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Archbishop Joseph Harris seems fascinated as he admires the Catholic News’ archive. Photo: Elmo Griffith

By Kaelanne Jordan,

Addressing the launch of the Catholic Media Service’s 125-year Catholic News’ online archive on its redesigned website, outgoing Apostolic Nuncio Archbishop Nicola Girasoli described the project as “an important source of documentation of the life and history” of Catholic and Christian communities in Trinidad and Tobago.

The Vatican, through the Papal Foundation, funded the project. Archbishop Girasoli said archives ensure and perpetuate the truth, adding that digitalisation meant that these sources of knowledge would be always “alive”. He thanked the Catholic News for its tireless and committed work in ensuring and perpetuating truth for the future generations.

The Nuncio expressed gratitude that such an “historic event” occurred at his 11 Mary Street, St Clair, residence, former home of the country’s first Prime Minister Dr Eric Williams.

Minister of Public Administration and Communications Maxie Cuffie and Permanent Secretary Joan Mendez, Consular and Deputy Head of Mission at the Nunciature Msgr Julien Kabore, Vicar General Msgr Christian Pereira, historian Fr Anthony de Verteuil CSSp, Professor Bridget Brereton and media representatives were among the attendees.

In his welcome remarks Archbishop Joseph Harris said it was extremely important for the Church and nation to preserve its history in digital form. He congratulated the Catholic News, which he said was the “best weekly” in the country and thanked Archbishop Girasoli for associating himself with the project. “Without him I don’t know whether we would have done it,” he said.

The online archive consists of all editions of the paper since 1892 with the news items; features; editorials; local, regional and international reports; photographs; illustrations and advertisements that constitute its 125-year-old history. It includes French language columns up to the mid-1900s. The archive forms a significant part of the country’s tangible media heritage, contributing to the collective memory for both the region and the Vatican Archives.

Online access to these press records is expected to attract 20,000 weekly readers, historians, theologians, local and international journalists and cultural researchers.

Since partnering with the National Archives of Trinidad and Tobago to conserve and digitise the collection, the records now form part of their official listing/remit for document protection.

In her presentation, independent curator, Cultural and Haitian Studies scholar Dr Kwynn Johnson said the role of the National Archives was central to the project, the country’s first concise digital newspaper archive. She said she hoped that the digitisation of many other newspaper collections would continue, including ones which predate the Catholic News, among them, the 1825 Port of Spain Gazette.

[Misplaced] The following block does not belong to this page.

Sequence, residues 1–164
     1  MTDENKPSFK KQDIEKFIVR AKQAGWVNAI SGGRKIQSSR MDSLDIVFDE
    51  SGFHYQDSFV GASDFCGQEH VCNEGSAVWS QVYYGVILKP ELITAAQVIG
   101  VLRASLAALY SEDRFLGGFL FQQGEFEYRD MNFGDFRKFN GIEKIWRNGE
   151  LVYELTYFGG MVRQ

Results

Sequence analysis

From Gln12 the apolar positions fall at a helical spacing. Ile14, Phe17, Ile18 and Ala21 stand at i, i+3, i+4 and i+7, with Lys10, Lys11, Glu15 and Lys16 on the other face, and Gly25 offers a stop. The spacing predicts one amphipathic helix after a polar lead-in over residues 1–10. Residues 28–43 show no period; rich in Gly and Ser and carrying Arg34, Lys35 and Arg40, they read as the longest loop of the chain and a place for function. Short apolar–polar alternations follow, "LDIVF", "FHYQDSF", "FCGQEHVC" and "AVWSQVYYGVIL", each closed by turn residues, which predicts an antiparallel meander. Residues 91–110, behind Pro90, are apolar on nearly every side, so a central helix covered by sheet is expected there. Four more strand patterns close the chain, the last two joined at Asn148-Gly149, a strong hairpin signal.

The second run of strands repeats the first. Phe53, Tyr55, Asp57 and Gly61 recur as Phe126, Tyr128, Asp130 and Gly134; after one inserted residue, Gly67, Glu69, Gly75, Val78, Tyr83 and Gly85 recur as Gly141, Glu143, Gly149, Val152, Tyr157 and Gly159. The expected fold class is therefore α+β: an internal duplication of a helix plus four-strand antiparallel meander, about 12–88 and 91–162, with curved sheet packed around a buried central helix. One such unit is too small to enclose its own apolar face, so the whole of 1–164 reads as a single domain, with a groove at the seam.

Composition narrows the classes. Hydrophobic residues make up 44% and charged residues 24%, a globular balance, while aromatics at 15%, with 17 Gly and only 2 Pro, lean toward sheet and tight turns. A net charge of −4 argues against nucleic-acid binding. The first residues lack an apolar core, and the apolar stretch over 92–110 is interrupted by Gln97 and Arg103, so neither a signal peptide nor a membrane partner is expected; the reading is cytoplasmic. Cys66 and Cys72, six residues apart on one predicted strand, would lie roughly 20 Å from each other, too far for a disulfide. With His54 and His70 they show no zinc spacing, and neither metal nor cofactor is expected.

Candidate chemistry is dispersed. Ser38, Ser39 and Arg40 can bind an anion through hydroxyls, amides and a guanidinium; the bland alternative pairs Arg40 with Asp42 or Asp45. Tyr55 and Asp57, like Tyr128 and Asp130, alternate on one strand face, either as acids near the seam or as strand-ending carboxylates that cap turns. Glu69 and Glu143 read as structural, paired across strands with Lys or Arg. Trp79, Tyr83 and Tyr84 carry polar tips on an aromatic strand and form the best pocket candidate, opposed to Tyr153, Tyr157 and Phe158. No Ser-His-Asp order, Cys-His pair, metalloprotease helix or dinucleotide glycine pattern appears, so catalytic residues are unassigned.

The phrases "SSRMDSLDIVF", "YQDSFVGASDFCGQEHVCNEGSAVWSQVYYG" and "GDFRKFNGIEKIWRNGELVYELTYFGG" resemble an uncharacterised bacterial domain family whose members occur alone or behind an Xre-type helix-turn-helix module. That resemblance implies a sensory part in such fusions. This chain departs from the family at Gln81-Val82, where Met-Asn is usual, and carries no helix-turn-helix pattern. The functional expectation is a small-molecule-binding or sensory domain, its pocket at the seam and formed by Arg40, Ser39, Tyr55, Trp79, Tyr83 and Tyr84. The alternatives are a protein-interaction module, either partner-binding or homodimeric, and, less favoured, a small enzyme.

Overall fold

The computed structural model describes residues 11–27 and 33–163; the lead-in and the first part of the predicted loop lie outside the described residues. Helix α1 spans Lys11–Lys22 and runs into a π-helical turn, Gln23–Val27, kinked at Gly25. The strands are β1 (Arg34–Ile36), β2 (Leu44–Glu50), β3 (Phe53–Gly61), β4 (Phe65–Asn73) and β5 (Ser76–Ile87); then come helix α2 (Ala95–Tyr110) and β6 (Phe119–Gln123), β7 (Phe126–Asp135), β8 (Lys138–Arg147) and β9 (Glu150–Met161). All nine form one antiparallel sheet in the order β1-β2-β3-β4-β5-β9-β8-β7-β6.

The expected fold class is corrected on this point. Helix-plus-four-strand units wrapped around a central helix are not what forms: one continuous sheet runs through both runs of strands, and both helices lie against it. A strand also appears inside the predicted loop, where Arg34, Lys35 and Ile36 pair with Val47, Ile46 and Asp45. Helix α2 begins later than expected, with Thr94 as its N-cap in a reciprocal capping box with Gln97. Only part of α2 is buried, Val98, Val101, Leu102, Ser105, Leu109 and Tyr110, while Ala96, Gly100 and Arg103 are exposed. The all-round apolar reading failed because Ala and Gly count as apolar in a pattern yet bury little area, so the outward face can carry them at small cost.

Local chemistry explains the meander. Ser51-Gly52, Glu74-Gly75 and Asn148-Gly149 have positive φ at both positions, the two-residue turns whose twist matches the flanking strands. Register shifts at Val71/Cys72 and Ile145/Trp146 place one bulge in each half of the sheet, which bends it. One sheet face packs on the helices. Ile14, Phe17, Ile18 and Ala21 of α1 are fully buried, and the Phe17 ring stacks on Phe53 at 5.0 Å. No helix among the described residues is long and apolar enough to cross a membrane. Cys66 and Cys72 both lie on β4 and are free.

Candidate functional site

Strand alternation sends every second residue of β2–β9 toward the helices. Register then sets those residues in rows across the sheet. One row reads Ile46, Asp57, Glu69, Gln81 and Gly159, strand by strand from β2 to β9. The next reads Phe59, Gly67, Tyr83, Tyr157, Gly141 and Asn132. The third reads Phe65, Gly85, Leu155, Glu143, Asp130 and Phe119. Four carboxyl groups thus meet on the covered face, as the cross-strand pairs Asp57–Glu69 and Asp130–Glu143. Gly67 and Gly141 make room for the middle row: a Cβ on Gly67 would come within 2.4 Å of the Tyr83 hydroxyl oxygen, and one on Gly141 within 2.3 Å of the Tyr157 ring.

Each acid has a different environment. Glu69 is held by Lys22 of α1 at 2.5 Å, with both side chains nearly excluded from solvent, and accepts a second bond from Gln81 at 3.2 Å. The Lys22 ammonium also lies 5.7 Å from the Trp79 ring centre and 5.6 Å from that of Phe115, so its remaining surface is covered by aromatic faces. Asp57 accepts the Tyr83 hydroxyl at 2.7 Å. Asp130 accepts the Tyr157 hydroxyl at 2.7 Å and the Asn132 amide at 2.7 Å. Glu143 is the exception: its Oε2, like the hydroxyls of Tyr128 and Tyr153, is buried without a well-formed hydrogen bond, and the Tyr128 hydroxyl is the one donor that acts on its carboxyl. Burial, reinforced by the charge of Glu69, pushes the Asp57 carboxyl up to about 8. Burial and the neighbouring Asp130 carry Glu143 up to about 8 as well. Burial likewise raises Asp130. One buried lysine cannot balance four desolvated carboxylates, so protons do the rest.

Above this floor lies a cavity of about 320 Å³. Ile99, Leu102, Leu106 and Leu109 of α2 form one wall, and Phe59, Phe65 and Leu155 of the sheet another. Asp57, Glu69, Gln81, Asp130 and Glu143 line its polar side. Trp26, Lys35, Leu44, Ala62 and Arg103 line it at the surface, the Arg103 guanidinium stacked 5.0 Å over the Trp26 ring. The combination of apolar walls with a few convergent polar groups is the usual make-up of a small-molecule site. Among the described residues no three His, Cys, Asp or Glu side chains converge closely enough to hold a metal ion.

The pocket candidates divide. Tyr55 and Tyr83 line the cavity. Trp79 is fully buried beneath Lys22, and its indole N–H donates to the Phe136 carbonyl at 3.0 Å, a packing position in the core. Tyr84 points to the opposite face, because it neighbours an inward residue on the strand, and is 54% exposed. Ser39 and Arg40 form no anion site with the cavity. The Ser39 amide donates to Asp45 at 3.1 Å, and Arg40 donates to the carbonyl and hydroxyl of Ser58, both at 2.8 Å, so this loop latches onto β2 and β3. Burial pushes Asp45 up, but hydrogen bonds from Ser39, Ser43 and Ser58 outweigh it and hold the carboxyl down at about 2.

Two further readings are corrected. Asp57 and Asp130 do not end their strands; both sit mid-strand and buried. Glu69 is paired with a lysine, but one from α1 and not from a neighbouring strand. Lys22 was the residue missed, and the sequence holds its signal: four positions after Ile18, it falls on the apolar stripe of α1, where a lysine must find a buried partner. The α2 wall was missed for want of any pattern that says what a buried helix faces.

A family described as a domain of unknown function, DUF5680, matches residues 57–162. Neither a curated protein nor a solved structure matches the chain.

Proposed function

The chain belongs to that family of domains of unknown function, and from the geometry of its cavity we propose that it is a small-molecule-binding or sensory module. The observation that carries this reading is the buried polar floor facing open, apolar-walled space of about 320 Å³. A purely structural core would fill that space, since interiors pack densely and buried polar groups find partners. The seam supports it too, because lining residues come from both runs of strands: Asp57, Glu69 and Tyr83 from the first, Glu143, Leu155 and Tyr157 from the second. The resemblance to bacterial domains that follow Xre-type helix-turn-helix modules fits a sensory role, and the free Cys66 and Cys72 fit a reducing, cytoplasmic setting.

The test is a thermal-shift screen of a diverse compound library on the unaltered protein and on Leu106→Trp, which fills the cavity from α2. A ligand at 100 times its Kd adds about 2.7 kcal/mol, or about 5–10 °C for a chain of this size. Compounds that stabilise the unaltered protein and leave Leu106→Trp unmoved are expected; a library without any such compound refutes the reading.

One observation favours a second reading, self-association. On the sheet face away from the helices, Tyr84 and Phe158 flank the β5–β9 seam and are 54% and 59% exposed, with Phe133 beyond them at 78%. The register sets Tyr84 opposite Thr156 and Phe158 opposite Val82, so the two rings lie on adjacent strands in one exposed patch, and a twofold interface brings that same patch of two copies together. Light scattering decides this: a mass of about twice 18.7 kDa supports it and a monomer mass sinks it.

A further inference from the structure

Dr Johnson referred to the 15 editions of Catholic News’ mastheads, which she found to “bookmark or punctuate the archive at interesting moments”. As a collection of texts, she said, through a specific “visual grammar”, they articulated a range of cultural situations.

“These mastheads symbolically figured a variety of narratives in the pages which they bannered, and in a sense, they branded the journalistic vision of the editor and the columnists of each period. Thus, these visual bookmarks index key moments in the 125 years of the Catholic News,” she said.

She highlighted the first era (1892–1941) when the masthead was retained for 49 years, the period 1975–1994 and the 15-year period, 1994–2009. “One can read the archive in the context of a society recovering or trying to suture the wound left in the wake of the muslimeen coup and an Archdiocese deciding how or if to carry on with the Anthony Pantin legacy.”

Dr Johnson added, “As to this launch, one acknowledges that the Catholic News has had an online presence since 1997. In 2012, under the editorship of June Johnston, five years of columns were available online; between 2008 and 2012, there was also an e-paper, as well as a social media presence.”

Today, she commented, as a continuation of these incremental document preservation activities, carried out over the years, the concise Catholic News digital archive is accessible online, via another redesigned website.

“I hope this archive will always remain online, thus digital record preservation will have to function in the way the hard-copy was archived for continuity. This is not unique to the CN, it is a concern for all print media houses as we transition further into the ever-changing digital/web-based platforms,” she said.

The evening’s proceedings included the unveiling of the Catholic News’ redesigned website by CAMSEL Digital Media Manager Tracy Chimming-Lewis and distribution of limited-edition prints to individuals that have significantly contributed to the success of the Catholic News over the years.

The 1892 masthead was reproduced on acid-free watercolour paper with a matte finish. Among the recipients of the framed prints were Archbishop Harris, Archbishop Girasoli, June Johnston, Owen Baptiste, Andrew Pitman, the Holy Ghost Fathers, the National Archives of Trinidad and Tobago, former Vicar for Communications Msgr Cuthbert Alexander and Dr Johnson.